PARLIAMENTARY QUESTIONS FROM PS2 THE LEADING U.K. GOVERNMENT AFFAIRS COMPANY
Aircraft Carrier Programmes
Mr. Wray: To ask the Secretary of State for Defence what discussions have taken place with US and British companies on the design and procurement of the aircraft carrier in relation to the carrier-borne aircraft. 
Dr. Moonie: During the course of normal project development for the United Kingdom’s Future Aircraft Carrier (CVF) and Joint Combat Aircraft (JCA) programmes, numerous discussions have taken place between British and American companies. Lockheed Martin, the contractor for the United States Joint Strike
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Fighter programme, is also a member of both teams competing for the CVF project, which are led by BAE SYSTEMS and Thales. Personnel from the CVF project team also maintain contact with their opposite numbers in the US carrier programme.
Mr. Chope: To ask the Secretary of State for Defence what the estimated cost is to his Department of the Central London Road User Charging Scheme for (a) 17 February 2003 to 31 March 2003, and (b) 1 April 2003 to 31 March 2004. 
Dr. Moonie [holding answer 19 November 2002]: Any additional costs to the Ministry of Defence as a result of the congestion charging scheme will be just one element within wider costs which have to be met from budgets for official travelling and other costs.
Mr. Hancock: To ask the Secretary of State for Defence when he will write to the hon. Member for Portsmouth, South, regarding his answer of 5 November 2002, Official Report, column 168W, concerning the disposal of the Gunwharf and HMS Vernon site in Portsmouth to Barclay Homes.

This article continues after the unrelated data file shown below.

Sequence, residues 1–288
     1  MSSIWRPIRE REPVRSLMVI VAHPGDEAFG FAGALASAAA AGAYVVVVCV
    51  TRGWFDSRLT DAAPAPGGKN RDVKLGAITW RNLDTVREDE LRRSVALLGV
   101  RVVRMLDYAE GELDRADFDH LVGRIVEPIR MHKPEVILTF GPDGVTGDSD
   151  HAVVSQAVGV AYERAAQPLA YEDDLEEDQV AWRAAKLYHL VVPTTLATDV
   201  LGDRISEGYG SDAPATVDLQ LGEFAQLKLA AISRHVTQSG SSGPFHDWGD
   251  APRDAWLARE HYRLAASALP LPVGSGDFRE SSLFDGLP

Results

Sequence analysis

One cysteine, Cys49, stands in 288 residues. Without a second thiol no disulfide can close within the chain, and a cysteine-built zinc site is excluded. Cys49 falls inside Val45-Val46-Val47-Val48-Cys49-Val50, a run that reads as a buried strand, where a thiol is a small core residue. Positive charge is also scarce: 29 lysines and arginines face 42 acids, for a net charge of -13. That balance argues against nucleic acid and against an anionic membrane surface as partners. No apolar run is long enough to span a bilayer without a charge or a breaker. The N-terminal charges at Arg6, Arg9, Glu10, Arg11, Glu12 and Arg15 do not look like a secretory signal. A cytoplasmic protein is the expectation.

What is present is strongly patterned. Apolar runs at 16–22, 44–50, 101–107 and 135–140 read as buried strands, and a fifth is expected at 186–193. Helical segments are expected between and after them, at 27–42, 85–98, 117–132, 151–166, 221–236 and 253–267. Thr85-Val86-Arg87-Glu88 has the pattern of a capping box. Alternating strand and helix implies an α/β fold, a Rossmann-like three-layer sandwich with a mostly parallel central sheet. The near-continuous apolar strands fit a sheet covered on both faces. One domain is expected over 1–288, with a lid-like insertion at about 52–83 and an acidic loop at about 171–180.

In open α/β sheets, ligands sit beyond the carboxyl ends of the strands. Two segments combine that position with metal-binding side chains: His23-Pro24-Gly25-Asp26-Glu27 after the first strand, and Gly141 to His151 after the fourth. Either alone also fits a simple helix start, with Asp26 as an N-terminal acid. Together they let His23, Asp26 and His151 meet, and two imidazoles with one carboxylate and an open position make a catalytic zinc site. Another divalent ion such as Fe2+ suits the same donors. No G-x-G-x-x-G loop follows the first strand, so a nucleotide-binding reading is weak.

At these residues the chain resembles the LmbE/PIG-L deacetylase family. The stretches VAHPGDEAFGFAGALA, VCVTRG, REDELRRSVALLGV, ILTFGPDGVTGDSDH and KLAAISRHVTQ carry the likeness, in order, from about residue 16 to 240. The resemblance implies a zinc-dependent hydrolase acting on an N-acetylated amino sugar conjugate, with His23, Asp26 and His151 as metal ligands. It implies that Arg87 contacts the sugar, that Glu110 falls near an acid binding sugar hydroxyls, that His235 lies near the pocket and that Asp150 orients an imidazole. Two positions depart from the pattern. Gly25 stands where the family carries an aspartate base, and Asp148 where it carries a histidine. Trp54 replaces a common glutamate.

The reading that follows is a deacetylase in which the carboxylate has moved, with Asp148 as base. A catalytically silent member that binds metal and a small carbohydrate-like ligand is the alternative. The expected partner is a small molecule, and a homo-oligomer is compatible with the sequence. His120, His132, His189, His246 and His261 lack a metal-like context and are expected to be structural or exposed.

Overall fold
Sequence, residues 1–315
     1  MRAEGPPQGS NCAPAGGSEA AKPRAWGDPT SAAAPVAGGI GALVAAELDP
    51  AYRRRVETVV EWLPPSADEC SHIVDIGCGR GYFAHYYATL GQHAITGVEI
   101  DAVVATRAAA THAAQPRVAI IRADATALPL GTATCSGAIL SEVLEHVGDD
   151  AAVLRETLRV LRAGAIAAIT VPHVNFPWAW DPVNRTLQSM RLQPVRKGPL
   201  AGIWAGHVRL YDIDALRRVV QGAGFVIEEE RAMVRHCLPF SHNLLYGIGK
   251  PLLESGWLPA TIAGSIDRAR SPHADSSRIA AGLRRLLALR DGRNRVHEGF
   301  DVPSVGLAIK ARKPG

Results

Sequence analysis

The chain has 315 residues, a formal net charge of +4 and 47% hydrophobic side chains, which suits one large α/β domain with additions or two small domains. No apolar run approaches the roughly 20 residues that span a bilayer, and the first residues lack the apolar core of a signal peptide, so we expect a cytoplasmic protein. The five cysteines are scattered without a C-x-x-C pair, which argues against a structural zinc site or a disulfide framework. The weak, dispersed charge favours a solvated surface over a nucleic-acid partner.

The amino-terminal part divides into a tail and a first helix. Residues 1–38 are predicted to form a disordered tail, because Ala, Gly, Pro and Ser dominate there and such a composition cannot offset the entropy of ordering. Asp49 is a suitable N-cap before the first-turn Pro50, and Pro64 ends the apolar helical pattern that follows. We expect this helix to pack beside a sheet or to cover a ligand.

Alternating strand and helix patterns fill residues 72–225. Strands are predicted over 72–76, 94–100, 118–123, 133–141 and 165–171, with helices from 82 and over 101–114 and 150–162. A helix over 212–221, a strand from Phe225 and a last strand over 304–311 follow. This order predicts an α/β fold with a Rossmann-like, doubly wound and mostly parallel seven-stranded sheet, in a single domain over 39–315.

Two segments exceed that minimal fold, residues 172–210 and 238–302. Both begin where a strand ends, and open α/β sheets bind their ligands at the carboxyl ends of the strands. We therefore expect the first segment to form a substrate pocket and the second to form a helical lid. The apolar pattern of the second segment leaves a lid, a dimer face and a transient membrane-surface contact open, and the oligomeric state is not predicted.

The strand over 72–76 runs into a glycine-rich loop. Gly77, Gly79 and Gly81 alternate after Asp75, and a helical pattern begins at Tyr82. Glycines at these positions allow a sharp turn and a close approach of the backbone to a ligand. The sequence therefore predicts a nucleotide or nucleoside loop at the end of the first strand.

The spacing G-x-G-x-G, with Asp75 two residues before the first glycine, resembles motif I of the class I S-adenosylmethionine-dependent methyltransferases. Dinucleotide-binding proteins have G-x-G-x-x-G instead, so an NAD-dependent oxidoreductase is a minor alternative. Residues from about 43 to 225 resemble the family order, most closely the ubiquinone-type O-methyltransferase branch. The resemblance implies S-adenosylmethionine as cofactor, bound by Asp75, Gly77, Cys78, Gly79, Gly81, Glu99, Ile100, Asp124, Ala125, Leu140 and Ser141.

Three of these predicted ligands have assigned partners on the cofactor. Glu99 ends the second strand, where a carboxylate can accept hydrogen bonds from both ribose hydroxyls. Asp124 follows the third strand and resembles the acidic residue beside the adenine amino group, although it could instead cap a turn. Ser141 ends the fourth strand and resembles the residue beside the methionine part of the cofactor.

Dr. Moonie: I have replied today and a copy of my letter has been placed in the Library of the House.
Defence Fire Service
Mr. Wray: To ask the Secretary of State for Defence what proposals there are to privatise the Defence Fire Service; and who would have control of the service if there were a major crisis. 
Mr. Ingram: The Airfield Support Services Project (ASSP) is seeking to achieve the most viable and cost effective solution for the provision of airfield support service to the Ministry of Defence world-wide with options that include both Public Private Partnership and in house solutions. There is also a complementary work stream, Fire Study 2000, that has looked specifically at the organisation and operation of the Defence Fire Service, which is to inform the Public Sector Comparator for ASSP.
Bids from the three consortia involved in ASSP were received at the end of April and are now being evaluated. Main Gate approval is currently planned for the second half of 2003. No decisions have been taken at this stage. Whatever solution is taken forward, we would ensure that we preserve our ability to manage crisis situations.
Mr. Caton: To ask the Secretary of State for Defence (1) what assessment his Department has made of the effectiveness of magnetic profiling in searching for unexploded ordnance at military training areas; 
(2) whether his Department uses (a) Global Positioning System and (b) magnetometry scanning methods in surveying unexploded ordnance at military training grounds; 
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(3) what geophysical instrumentation the British army uses in clean-up operations at military training grounds. 
Mr. Ingram: The Ministry of Defence has had, for a number of years, a magnetic profiling capability which is widely recognised as an effective method of establishing the degree of contamination within an area of land. The British Army does not currently employ geophysical instrumentation in ordnance clearance operations at military training grounds as it is not considered to provide the degree of accuracy required for the location of smaller types of ordnance. The Ministry of Defence currently possesses both